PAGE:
utrition plays a major role in optimising performance in the event horse. Speed, strength, stamina, temperament along with delayed onset of fatigue and improved post exercise recovery times can all be directly influenced by diet.
The main component of any horse’s diet should be forage. Forage intake should be at least 1.5% of bodyweight per day ie 7.5 kg a day for a 500 kg horse, with an absolute minimum of 1% BW, to ensure good intestinal health. In addition, for the performance horse, each kilogram of forage holds 6-8 kg of water and electrolytes in the gut. This represents a ‘reservoir’ that can be drawn on as body fluid levels drop during sweating.
Many riders reduce or remove forage before the cross-country phase. Removing forage 3 to 5 hours prior to hard exercise may be advantageous due to a reduction in non functional gut weight and in cardiovascular load during exercise. However several studies have found that feeding small amounts of hay prior to exercise was not associated with poor or reduced performance.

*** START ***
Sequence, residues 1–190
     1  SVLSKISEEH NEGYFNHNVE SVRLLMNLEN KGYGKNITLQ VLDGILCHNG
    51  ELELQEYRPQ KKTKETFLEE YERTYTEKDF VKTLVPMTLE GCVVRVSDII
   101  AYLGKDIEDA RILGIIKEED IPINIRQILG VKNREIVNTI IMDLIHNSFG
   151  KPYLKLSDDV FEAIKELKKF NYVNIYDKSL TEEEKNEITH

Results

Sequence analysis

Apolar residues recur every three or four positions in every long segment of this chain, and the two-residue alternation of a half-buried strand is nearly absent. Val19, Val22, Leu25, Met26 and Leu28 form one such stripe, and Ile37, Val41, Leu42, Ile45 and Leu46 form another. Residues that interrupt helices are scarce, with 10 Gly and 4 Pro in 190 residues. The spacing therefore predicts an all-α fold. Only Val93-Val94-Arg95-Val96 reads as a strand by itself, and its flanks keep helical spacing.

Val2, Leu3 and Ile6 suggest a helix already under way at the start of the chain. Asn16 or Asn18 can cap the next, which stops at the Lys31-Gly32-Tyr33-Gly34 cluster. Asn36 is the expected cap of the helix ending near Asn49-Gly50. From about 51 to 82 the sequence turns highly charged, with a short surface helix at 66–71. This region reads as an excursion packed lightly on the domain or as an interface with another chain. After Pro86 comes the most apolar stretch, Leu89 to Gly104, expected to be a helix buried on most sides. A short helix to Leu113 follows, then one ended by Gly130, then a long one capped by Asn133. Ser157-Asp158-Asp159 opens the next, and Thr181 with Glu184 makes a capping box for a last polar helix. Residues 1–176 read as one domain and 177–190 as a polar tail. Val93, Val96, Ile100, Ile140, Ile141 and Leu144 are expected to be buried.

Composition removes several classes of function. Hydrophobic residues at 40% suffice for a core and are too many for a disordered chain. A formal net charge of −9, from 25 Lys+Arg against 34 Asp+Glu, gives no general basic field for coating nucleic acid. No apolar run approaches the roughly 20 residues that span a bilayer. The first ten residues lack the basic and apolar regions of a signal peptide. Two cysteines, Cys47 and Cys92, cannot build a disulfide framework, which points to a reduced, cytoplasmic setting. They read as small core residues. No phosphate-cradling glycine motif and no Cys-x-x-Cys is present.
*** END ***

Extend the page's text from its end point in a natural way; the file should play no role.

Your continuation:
On the other hand, feeding concentrates 3 to 5 hours before hard work is recommended, thus allowing ample time for metabolites to return to resting values following meal consumption and providing adequate fuel reserves for work.
Feeding forage and grain based concentrate two hours following an intense or long duration bout of exercise is essential in restoring glycogen pools in the liver and muscle.
Meeting Energy Demands
The single factor most likely to affect performance is lack of energy, due to either inadequate fitness training for the level of competition or dietary limitations. The amount of energy required depends on: the type, speed and amount of work, condition of the horse and skill of the rider and the environmental conditions.
Event horses obtain energy in two ways:
1. During low intensity work, muscles convert glucose to energy using oxygen – this is called aerobic work. Aerobic work can be sustained for long periods, such as the cross country phase in eventing.
2. During high intensity exercise, the muscles use energy so quickly that aerobic energy supply is exceeded and glucose must be converted to energy without using oxygen. This is called anaerobic work. Anaerobic work can only be sustained for a very short period and results in lactic acid production. Anaerobic energy serves to ‘top up’ aerobic supply.
As a rule of thumb in the fit horse, anaerobic work begins to kick in when speed reaches approximately 10 metres per second and heart rate climbs to around 160 to 180 beats per minute.
Delaying onset to fatigue